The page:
Hi, I just designed a website for my school, it uses Vietnamese. And I used unicode to display Vietnamese. The page looks good in IE5.5 (I think in IE5 too), but in Netscape (4.72), some of the words just display "?" and not the right words.
Most browsers are just not unicode compatible and it looks like Netscape is one of them, there was a time when the only Unicode compatible applications only ran on Windows NT and *nix so I guess you are lucky that it works in IE.
Karl Austin KDA Web Services
"Everyone has a photographic memory. Some just don't have film."
Windows has been unicode capable since the release on 95 in 1995. Windows uses Unicode for all purposes except DLL function calls (for backwards compatibility). The problem in question is two-fold:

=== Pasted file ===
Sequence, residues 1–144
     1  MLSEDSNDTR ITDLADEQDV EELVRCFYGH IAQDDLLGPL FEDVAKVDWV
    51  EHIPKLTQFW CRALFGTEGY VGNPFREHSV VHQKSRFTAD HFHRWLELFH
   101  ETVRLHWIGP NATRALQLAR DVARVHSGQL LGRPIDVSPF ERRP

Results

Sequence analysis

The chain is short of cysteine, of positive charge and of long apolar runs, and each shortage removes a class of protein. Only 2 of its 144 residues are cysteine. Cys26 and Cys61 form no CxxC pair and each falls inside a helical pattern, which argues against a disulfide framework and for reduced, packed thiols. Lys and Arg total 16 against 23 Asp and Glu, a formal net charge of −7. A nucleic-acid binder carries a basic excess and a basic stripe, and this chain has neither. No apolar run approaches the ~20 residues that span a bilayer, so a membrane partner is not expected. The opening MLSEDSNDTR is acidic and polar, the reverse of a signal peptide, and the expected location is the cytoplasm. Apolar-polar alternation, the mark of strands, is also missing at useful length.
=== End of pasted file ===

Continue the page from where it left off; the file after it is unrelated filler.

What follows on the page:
<LI>The reason Netscape isn't showing your page properly is because your not sending it a character set meta tag. Which would be the same as the one below (For Vietnamese):
<META HTTP-EQUIV="Content-Type" CONTENT="text/html; charset=windows-1258">
Your biggest problem is that you have both English and Vietnamese on the same page but you can force the browser to use Unicode as well. To do that you would use one of these tags instead:
<META HTTP-EQUIV="Content-Type" CONTENT="text/html; charset=unicode">
<LI>You need to use a Unicode enabled font. Not all of them are. I do know that the default fonts the browsers use are not. Here I can not help you with right now because I have not researched this part before. But if you put in one of the codes above it Windows will prompt users to download any language support they need which includes Unicode versions of some fonts. I don't know about other OSes but I do know that both the Macintosh and Linux support Unicode.
Once you have Unicode support at the OS level a properly designed program will inherit that by default. I know this is the case in Windows if you use Windows default types for strings.